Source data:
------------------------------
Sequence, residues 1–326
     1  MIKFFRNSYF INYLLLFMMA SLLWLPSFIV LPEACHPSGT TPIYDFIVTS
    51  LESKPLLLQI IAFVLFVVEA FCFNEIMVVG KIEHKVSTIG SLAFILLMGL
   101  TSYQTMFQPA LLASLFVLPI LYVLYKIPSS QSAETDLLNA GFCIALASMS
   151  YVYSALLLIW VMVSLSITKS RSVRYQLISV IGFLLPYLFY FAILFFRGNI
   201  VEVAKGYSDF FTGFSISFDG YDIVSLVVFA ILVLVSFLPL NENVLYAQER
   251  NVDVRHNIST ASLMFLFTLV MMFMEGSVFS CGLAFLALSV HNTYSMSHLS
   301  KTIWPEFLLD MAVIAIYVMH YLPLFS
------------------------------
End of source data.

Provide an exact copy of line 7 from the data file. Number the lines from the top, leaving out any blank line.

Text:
   251  NVDVRHNIST ASLMFLFTLV MMFMEGSVFS CGLAFLALSV HNTYSMSHLS